For over thousands of years, human beings have left their homes and gone to the ‘dessert’ seeking someone who seemed to know the answer to our problems. In the sixties, it became clear to me that quite an amount of specially young people, were leaving the country and heading out to India in search of wise men, sages, gurus. And so, here was I now on my turn and I was not feeling alone as a member of a Catholic community because I was aware of so many others who had been. Fr. Henri le Saux, (Swami Abshiktananda), and among the Christian men and women, there were so many like Madame Baumer, this well respected woman from Switzerland, who was no hippy and she was principally the one who said, “You must go and see him”. and so, here am I, that morning after breakfast, setting out with my instructions to his address. He did not live in a dessert, but rather in a very crowded area in a tiny, winding kind of back alley street where at nights, prostitutes and all kinds of people hung out.
I don’t remember all the details of buses that I had to get off and change etc, but I arrived there sometime around 10:30 am. It was one of those crowded little lanes with shops all around where they sold biddies (Indian made cigarettes) and the red stuff that so many men buy and chew and spit on the streets. There were Chai shops and vendors of a sweet made from milk with sugar and cream_ of_ wheat and in a sweet syrup and called something like “goolabjam” and that I loved. Finally I came to the address and the door at the bottom of the steps was open. I climbed the steps remembering stories of people being thrown out down the steps onto the streets by Nisirgadata and half-way up, I turned and looked and wow! It must have hurt! I remember listening to a video of Swami Muktananda and he was explaining the strange behaviour of some of the saints in India. he said that there was one realized man who spent a good part of his day seated on a dung heap. It smelt awful but there he was and if ever you got close to him, he exhaled a very beautiful perfume! And another saint wore a jacket with many pockets within which he filled with stones. He walked the streets and at times threw stones at people but you were lucky if one of them landed on you because it brought many blessings,and he spoke of his own Guru, Nityananda who spent most of his time lying down and grumbled words which were not always easy to grasp.
I came to the top of the steps and knocked and someone called me in. I was feeling a bit nervous but the gentleman who welcomed me was smiling and he was rather fair skin and not Nisirgadata. “What can I do for you sir.?” he asked. I introduced my self and I asked when is satsang and when can I see Nisirgadata. He said “Come lets have a seat” and he took me to a place in the room near a window where there was a small table and we sat.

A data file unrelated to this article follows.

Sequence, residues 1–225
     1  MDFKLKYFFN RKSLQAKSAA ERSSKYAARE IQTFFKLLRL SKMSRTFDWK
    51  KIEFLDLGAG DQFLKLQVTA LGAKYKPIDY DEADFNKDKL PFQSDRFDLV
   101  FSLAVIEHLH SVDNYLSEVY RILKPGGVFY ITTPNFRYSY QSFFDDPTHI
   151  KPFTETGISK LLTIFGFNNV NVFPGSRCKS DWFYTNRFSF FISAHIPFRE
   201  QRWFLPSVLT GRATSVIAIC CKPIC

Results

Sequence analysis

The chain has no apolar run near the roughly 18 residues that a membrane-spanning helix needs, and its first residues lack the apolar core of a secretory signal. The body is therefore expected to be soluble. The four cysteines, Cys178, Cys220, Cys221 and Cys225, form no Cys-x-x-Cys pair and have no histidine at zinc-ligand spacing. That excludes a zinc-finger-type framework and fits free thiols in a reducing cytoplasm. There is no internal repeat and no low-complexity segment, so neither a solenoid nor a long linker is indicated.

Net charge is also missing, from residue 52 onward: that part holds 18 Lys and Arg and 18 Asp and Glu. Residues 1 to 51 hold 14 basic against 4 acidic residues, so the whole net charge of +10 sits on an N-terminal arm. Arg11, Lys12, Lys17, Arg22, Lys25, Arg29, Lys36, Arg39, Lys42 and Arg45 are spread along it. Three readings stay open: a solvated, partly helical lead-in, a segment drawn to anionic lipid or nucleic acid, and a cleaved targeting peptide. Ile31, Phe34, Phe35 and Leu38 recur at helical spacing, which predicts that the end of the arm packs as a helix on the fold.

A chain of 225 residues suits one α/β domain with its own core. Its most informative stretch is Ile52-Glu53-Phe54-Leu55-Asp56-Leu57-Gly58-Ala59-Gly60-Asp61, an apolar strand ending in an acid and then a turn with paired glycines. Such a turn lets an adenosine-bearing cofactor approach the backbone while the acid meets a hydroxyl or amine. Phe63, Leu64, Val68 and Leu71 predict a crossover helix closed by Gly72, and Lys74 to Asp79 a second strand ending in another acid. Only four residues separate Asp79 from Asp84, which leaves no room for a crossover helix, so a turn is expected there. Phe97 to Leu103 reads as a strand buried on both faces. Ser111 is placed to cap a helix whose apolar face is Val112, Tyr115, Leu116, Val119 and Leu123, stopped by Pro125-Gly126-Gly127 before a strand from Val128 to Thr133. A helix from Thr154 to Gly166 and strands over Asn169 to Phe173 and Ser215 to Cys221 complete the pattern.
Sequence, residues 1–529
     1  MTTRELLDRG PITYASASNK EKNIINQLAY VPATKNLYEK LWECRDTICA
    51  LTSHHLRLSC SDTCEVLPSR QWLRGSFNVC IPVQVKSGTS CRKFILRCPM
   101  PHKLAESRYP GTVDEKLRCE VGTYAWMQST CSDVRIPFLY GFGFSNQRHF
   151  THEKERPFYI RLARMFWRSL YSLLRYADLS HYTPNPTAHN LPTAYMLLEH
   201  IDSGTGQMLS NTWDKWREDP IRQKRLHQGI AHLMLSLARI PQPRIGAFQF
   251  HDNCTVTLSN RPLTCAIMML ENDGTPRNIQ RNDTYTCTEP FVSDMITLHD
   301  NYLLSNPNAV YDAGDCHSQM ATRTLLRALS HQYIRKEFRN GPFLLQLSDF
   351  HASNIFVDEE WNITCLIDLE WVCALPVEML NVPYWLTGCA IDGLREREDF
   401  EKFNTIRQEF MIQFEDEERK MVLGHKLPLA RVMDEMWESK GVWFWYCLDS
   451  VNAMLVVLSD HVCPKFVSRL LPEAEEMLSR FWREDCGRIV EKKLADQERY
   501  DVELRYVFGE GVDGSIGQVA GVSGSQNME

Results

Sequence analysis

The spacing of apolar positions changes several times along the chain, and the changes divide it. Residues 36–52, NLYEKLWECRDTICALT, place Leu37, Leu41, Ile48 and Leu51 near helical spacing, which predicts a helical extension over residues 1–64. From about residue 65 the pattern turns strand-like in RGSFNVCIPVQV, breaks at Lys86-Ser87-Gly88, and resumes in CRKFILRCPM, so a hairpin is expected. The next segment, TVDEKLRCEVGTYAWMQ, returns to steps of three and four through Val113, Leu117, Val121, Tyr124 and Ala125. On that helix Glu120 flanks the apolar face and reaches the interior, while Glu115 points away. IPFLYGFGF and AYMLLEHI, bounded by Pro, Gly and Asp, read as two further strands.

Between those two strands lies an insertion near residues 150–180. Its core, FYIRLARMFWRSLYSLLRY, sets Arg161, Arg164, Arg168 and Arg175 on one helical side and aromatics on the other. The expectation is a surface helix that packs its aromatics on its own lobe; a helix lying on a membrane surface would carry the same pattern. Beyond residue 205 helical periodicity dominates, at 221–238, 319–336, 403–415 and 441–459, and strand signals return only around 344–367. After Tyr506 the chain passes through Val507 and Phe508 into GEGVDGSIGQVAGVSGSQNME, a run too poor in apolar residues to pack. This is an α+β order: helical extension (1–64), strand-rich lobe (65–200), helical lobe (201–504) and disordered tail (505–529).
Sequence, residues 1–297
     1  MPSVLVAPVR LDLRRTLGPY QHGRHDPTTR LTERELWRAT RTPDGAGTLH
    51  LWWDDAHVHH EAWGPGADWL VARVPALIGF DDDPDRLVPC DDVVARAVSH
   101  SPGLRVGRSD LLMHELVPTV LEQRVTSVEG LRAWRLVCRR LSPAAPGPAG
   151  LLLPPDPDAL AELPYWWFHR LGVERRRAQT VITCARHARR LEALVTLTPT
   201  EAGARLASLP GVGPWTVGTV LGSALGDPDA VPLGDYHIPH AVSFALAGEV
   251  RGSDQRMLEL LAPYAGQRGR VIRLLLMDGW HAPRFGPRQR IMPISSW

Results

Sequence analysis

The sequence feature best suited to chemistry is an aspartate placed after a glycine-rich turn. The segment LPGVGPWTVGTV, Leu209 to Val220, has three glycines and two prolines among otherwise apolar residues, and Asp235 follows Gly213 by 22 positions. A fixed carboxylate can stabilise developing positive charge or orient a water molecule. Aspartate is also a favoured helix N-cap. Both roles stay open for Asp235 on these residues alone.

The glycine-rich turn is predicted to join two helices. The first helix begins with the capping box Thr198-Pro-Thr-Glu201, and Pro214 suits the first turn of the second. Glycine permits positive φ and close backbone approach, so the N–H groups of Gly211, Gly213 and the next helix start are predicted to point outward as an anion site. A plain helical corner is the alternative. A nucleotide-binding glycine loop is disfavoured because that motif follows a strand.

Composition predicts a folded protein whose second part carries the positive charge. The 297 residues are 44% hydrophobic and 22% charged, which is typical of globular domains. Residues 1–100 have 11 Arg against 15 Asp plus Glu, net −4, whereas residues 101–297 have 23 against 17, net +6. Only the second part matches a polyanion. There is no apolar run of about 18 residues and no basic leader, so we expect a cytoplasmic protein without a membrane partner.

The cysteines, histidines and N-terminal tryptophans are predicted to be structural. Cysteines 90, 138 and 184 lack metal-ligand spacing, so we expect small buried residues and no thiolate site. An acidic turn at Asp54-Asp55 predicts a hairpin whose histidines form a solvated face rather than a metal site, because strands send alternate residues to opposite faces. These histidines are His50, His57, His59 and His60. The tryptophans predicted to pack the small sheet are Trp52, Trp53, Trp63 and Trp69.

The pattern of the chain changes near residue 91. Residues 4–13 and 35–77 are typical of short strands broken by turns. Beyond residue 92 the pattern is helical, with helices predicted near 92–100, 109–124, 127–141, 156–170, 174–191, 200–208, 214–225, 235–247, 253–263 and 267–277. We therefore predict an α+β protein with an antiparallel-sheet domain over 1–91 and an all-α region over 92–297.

“I am afraid I have some sad news for you. Nisirgadata has passed away and is no longer here.” He then proceeded to show me all the pictures and the place where he sat for his talks and the books and the little altar and so many souvenirs. “I was his disciple for many years” he said. He told me many things I can not recall now but I do recall his strong and gentle presence. He spoke with a soft voice and he looked at me with very compassionate eyes and at some point he said, “I would like to invite you for lunch. Do you have the time?” It was nice being there, I mean the atmosphere was peaceful. Now I would say “There was lots of Shakti”, but in those days and I did not know how to say it but rather how to explain it as being “peaceful”
And so, we went to a place he chose some 10 minutes or so away from the street where the saint had lived and we went into a small quiet restaurant.We chose a table near the window and the sun was coming in and creating patterns on the floor. He left me for a moment to go and ‘wash his hands’ and I sat there by myself just reflecting and I came to the conclusion that in reality I had no plans to make, if only I could allow myself to be guided by the moment. In my mind I asked the Holy Spirit to take my feet where they should go and allow me to meet those who I should meet and just guide me and teach me what I must learn and keep my heart and soul in peace and this was my decision. This attitude helped me all through the year in India. Planning has nothing secure about it. Things happen and plans get upset and every time we cant go some where because we missed the bus or train or whatever, it was because we were to meet someone or go some where else where we will receive some teaching.
The gentleman came back and we had a nice meal in which he spoke a lot about his Guru and the teachings and the time came to say farewell, he took me to the corner where I could take the bus heading back to the college.
What was the principle teaching of Sri Nisirgadata? Here is what comes from a website devoted to his teachings:
Message of Nisargadatta Maharaj
The essence of Maharaj’s teaching
Nisargadatta’s teachings are rooted in the Advaita Vedanta interpretation of the Vedic idea “Tat Tvam Asi” (That Thou Art), meaning ‘You are one with Divinity’.
It is hard to summarize the techings of Sri Nisargadatta Maharaj. He recommended the practice of looking within, and focusing the feeling ‘I am’, that had led to his own realization in less than three years. Maharaj says:
Just keep in mind the feeling “I am,” merge in it, till your mind and feeling become one. By repeated attempts you will stumble on the right balance of attention and affection and your mind will be firmly established in the thought-feeling “I am.”
According to Nisargadatta Maharaj, our true nature is perpetually free peaceful awareness, in Hinduism referred to asBrahman. Awareness is the source of, but different from, the personal, individual consciousness, which is related to the body. The mind and memory are responsible for association with a particular body; awareness exists prior to both mind and memory. It is only the idea that we are the body that keeps us from living what he calls our “original essence”, the True Self, in Hinduism referred to as Atman.